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Women less likely to be diagnosed with minor stroke than men: U of T study

The study found that women were 10 per cent more likely to be given a non-stroke diagnosis – for example migraine or vertigo – even though men and women were equally likely to report atypical stroke symptoms (photo by Mayte Torres via Getty Images)

Women experiencing a minor stroke or transient ischemic attack (TIA) are less likely to be diagnosed with a stroke compared to men – even though they describe similar symptoms in emergency departments.

That’s according to a University of Toronto-led study published in JAMA Neurology that was presented at the European Stroke Organisation Conference in Milan on May 22.

The study found men and women equally described atypical stroke symptoms such as dizziness, tingling or confusion, but that women were more likely than men to be diagnosed with another ailment.  

“In our study, men were more likely to be diagnosed with TIA or minor stroke, and women were 10 per cent more likely to be given a non-stroke diagnosis – for example migraine or vertigo – even though men and women were equally likely to report atypical stroke symptoms,” says study lead author Dr. Amy Yu, a stroke neurologist at Sunnybrook Health Sciences Centre and assistant professor at the University of Toronto’s department of medicine in the Faculty of Medicine.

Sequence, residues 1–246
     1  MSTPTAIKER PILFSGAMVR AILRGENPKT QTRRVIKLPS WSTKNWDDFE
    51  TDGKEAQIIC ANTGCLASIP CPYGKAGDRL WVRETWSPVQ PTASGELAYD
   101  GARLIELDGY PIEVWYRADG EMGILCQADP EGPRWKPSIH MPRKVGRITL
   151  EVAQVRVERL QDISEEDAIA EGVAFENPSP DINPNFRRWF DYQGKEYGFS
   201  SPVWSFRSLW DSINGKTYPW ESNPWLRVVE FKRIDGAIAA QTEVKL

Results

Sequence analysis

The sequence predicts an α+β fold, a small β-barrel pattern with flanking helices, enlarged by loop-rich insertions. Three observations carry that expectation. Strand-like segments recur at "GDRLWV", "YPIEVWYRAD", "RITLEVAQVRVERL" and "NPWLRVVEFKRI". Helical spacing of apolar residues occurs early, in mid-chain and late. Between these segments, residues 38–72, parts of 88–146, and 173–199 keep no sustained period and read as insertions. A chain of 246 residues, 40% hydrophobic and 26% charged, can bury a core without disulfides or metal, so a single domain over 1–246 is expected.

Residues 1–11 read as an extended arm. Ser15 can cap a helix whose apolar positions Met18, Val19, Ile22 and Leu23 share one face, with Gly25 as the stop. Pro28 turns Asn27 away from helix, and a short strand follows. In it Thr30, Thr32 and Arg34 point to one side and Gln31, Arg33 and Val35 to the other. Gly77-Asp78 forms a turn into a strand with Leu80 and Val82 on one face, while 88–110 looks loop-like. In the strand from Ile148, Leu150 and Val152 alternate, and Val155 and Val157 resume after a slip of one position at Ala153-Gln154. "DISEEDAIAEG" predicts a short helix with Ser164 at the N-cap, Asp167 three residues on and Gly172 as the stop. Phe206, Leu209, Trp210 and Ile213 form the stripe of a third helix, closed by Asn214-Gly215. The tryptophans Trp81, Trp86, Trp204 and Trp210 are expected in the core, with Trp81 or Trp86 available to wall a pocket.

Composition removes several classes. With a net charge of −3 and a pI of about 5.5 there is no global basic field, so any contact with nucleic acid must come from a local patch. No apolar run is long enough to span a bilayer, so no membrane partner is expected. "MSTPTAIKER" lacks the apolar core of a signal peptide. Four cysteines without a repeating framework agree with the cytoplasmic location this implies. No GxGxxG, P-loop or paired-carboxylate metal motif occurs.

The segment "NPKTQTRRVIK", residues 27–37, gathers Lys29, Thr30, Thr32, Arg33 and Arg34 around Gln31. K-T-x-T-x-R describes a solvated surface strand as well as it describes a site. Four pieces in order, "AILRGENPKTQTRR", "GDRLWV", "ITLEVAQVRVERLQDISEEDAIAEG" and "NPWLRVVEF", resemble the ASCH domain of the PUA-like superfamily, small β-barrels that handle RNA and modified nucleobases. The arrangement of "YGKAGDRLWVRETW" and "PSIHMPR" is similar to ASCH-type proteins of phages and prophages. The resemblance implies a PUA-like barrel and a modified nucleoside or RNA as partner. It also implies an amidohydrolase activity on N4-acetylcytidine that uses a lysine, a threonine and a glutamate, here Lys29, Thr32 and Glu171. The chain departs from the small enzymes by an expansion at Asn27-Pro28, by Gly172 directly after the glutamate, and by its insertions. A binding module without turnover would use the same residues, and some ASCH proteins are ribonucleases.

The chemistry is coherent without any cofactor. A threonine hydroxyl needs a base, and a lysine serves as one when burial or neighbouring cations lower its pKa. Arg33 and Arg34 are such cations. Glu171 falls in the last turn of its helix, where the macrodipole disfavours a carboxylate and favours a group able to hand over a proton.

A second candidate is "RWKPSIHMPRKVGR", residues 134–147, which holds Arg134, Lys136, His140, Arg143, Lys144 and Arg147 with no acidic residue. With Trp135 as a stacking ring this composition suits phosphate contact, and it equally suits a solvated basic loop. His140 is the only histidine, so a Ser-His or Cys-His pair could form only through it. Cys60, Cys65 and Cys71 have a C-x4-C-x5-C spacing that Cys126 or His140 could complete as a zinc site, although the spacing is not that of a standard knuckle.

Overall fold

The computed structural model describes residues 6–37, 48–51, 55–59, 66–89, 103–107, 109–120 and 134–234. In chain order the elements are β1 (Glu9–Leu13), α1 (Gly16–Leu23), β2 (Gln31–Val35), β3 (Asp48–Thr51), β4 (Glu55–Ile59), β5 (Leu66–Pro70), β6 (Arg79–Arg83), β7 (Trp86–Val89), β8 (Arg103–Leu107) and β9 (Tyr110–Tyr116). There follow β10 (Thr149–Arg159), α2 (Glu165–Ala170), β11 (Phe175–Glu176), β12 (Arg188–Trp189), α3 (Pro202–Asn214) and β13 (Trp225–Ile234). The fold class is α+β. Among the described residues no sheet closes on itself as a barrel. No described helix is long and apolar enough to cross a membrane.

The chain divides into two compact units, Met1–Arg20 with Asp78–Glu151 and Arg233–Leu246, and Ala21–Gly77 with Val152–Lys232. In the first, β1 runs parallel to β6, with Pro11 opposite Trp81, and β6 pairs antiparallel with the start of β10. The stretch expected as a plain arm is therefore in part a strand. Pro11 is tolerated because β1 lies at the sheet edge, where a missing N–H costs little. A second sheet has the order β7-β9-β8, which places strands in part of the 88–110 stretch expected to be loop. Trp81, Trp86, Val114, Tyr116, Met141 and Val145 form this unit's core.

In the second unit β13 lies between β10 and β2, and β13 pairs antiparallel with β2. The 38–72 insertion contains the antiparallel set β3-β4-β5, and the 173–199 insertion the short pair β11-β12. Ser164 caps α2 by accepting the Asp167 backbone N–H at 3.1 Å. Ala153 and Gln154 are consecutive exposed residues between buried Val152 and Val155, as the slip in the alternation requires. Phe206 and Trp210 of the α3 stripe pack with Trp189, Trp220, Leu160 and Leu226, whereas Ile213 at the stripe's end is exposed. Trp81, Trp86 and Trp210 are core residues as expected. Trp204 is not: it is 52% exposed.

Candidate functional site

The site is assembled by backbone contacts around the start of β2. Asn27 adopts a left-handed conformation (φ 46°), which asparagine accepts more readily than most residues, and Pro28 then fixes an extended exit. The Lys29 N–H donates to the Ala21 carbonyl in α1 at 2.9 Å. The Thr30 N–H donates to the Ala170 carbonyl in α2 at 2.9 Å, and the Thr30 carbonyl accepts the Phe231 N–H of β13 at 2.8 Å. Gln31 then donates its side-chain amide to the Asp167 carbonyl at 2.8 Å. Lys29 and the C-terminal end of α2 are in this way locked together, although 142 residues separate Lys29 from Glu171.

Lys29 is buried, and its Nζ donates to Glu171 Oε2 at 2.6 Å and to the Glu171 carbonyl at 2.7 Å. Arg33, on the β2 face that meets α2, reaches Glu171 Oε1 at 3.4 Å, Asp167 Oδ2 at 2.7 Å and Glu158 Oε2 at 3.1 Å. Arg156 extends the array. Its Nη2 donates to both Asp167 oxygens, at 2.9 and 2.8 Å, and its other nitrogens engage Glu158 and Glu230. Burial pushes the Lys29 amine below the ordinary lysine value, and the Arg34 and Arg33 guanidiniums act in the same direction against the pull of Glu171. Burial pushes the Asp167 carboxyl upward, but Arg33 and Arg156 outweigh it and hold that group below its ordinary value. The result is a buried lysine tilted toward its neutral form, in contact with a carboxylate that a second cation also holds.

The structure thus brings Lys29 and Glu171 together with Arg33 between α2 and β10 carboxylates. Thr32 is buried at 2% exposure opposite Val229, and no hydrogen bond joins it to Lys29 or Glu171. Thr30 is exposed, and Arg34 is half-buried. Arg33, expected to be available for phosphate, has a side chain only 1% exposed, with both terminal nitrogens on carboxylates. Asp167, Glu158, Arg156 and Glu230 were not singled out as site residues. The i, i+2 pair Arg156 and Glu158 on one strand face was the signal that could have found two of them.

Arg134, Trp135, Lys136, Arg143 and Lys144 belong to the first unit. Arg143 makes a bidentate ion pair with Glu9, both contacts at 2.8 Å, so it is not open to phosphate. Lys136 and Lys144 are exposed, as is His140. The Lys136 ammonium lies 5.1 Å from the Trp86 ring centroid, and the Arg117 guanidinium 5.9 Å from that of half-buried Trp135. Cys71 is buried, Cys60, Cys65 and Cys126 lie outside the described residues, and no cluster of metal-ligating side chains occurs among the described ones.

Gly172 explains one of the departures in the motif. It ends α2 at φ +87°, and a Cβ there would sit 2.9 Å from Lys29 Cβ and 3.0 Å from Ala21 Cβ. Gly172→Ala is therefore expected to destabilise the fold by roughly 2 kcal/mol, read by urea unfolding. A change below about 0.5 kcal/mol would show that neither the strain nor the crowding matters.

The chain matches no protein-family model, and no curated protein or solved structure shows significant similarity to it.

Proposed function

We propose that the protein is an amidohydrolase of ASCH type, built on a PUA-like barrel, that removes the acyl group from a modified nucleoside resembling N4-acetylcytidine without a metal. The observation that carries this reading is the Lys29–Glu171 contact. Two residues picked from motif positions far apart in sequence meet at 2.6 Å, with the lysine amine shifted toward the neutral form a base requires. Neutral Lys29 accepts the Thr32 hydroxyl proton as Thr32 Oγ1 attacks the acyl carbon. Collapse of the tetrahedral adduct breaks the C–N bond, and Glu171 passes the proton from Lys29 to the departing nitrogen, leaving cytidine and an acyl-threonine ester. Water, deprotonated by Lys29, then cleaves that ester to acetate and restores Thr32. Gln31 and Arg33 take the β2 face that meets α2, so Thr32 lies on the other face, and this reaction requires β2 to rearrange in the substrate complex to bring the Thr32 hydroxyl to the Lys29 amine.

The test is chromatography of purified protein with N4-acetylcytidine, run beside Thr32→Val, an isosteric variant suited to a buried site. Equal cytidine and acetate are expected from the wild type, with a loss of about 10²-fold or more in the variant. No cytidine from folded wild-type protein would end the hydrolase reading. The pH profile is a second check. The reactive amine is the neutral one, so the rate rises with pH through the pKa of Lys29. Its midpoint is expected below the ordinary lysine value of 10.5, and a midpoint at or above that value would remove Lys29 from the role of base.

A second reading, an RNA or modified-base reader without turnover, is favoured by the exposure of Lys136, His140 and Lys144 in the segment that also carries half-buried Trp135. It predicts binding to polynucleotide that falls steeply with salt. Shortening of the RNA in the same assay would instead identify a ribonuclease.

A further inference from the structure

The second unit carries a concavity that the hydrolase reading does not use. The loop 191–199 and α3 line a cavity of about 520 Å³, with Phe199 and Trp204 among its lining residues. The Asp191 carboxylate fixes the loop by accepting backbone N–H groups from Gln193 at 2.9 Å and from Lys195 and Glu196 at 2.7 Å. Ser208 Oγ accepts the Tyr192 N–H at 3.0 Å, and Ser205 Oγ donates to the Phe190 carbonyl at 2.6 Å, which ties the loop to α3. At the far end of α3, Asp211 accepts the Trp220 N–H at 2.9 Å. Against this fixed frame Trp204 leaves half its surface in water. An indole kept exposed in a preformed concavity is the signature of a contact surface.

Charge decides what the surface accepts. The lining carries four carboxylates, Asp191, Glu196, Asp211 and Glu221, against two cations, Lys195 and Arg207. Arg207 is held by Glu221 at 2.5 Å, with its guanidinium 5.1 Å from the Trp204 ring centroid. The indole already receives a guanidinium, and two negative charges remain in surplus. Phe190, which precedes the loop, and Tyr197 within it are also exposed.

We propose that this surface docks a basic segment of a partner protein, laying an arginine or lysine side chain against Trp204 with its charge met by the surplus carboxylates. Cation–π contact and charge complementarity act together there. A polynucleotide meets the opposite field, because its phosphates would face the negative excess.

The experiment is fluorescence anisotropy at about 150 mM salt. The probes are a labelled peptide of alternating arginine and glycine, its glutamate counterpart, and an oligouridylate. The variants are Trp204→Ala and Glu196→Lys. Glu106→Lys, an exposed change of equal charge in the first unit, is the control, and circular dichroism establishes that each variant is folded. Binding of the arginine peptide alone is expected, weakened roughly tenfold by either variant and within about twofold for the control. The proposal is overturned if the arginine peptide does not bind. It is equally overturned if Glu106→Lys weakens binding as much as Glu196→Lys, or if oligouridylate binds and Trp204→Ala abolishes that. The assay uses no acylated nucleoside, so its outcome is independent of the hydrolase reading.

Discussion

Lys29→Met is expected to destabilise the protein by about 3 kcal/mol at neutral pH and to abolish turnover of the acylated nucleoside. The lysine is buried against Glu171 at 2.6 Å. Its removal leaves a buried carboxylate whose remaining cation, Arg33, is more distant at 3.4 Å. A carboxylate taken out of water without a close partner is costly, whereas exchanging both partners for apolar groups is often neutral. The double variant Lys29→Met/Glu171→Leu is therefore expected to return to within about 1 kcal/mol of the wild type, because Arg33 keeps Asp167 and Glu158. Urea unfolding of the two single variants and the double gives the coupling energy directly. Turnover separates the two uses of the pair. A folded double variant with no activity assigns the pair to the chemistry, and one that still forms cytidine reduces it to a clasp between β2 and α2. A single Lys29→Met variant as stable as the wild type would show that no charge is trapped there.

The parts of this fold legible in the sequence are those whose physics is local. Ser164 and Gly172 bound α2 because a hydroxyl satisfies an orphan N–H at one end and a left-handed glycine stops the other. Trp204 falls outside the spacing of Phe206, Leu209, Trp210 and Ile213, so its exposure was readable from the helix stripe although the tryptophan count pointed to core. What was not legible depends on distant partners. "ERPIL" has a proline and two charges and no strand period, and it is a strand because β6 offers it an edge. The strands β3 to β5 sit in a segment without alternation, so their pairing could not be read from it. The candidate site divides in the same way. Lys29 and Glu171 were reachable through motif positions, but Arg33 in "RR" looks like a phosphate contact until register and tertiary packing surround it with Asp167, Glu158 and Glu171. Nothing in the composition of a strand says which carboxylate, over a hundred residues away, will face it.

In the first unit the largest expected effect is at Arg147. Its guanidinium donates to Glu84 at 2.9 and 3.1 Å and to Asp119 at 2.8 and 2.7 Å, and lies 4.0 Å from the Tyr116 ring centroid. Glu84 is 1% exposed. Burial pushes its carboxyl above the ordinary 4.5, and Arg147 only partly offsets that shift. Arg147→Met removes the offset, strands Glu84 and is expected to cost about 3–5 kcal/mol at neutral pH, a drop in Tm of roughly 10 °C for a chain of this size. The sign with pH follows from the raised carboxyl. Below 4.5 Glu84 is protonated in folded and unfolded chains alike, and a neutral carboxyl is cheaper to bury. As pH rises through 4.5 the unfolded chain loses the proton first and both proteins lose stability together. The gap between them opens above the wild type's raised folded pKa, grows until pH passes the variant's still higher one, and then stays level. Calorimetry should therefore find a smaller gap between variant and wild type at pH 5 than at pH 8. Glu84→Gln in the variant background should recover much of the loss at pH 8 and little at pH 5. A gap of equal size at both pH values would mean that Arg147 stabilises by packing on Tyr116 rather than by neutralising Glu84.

A TIA occurs when there is temporary interruption of blood flow to the brain, and is often a warning sign of another stroke. TIAs can also be associated with permanent disability. Typical symptoms of stroke, by contrast, are sudden weakness, face drooping or speech difficulties.

“Our study also found the chance of having another stroke or heart attack within 90 days of the diagnosis was the same for women and men,” adds Dr. Shelagh Coutts, a stroke neurologist with Alberta Health Services at Foothills Medical Centre and an associate professor at the University of Calgary’s Cumming School of Medicine.

Researchers say that, while further study is needed, it’s possible patient reporting of symptoms, interpretation of symptoms by clinicians, or a combination of both, could explain the discrepancy in diagnosis among men and women.

“Our findings call attention to potential missed opportunities for prevention of stroke and other adverse vascular events such as heart attack or death in women,” says Coutts.

Previous studies on this topic have focused on patients diagnosed with stroke. Researchers in the current study included 1,648 patients with suspected TIA who were referred to a neurologist after receiving emergency care from 2013 to 2017, regardless of their final diagnosis.

Researchers note it is an important opportunity for the public and clinicians to be aware of atypical symptoms of TIA.

“What’s important to recognize in stroke is that the brain has so many different functions and when a stroke is happening, people can feel different things beyond the typical stroke symptoms,” says Yu.

“Accurately diagnosing TIA and stroke would change a patient’s treatment plan and could help prevent another stroke from happening.”

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